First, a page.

Randomness (r_ness) wrote,

The Gulf/2000 Project at Columbia has a great series of thematic maps.

This one in particular is getting some attention recently:

A really big map of ethnic groups in the Levant.
(Click for the very large map.)
From the Remarks box, written by Dr. Michael Izady, professor and cartographer:
Ethnicity refers to group identity, and group identity is a product of history. In the Levant, ethnicity/group identity can be based on language (e.g., Turkomans), religion (e.g., Alawites/Alaouites, Levantines, Nusairis, Armenians), life style (e.g., Kurds), common history of suffering and persecution (e.g., Jews, Circassians), integrated economy--or a combination of two or more of these or other factors, (e.g., Arabs) or in fact, sometimes unique, criteria (e.g., Druze). To assume that language is the sole or primary source of ethnicity--a fashion popularized by the French Revolution--is to assume that a Jamaican, an Irishman, an American, a New Zealander or a Bahamian are all Englishmen in their ethnicity. Or, that a Croat, a Bosniac or a Montenegrin are all Serbs.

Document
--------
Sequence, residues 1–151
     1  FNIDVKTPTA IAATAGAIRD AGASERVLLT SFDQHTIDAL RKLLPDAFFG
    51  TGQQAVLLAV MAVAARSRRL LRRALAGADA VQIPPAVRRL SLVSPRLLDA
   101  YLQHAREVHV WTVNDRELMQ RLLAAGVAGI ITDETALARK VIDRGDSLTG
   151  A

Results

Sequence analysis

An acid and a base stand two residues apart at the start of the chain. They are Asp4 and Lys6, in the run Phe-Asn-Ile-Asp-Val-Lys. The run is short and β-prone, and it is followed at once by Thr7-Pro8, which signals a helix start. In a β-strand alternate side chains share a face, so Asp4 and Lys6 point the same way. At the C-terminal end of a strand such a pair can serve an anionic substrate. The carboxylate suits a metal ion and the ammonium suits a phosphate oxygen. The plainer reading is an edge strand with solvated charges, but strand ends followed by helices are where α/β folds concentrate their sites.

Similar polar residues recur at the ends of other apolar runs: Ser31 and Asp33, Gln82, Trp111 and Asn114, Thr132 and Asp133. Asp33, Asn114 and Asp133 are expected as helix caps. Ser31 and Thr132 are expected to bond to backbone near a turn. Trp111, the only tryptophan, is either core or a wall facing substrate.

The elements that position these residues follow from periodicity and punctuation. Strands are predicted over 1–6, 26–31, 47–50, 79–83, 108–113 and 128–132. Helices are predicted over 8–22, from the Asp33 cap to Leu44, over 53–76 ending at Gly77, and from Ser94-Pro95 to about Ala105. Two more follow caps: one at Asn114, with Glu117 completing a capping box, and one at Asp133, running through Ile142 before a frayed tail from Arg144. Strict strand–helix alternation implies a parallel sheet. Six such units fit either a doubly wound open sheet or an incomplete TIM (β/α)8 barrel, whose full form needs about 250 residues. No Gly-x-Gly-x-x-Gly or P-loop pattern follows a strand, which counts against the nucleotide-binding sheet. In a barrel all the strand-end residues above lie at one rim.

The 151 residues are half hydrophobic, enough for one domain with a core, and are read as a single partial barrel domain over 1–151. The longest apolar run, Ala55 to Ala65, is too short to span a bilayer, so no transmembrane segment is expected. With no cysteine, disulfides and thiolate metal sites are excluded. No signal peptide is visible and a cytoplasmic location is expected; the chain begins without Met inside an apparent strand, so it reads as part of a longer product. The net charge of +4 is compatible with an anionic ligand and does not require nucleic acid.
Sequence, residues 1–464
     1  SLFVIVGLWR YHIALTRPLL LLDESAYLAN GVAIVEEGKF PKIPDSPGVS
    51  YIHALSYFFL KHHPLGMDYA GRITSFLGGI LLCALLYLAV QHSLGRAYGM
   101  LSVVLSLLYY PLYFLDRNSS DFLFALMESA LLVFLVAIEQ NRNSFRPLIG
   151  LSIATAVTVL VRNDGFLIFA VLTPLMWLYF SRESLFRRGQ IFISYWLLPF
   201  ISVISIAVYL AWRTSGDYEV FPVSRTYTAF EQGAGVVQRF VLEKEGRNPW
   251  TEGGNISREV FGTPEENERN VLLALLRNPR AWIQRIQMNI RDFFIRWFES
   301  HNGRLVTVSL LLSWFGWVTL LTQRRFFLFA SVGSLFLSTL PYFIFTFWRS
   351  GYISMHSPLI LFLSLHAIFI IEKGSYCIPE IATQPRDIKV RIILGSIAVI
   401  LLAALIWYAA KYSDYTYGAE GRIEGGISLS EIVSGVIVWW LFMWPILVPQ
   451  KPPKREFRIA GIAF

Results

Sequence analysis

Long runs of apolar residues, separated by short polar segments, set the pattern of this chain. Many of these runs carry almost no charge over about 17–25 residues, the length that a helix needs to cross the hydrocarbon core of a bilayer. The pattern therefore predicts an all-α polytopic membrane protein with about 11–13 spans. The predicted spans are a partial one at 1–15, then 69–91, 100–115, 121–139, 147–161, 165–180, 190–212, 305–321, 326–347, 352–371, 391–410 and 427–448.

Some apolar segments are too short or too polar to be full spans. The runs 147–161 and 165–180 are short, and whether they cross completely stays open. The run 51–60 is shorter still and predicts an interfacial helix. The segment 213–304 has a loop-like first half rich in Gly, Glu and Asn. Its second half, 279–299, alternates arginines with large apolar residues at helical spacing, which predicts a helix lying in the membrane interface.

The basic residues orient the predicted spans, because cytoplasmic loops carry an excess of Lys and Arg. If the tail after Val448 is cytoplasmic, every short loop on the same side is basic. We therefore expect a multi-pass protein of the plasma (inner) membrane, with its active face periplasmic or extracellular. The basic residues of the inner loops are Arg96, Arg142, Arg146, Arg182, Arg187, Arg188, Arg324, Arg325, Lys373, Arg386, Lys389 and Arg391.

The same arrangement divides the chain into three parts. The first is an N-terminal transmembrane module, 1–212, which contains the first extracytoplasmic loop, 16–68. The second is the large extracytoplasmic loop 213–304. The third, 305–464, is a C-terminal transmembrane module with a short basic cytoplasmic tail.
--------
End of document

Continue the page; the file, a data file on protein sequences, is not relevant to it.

Other equally colorful and informative maps can be found at http://gulf2000.columbia.edu/maps.shtml.
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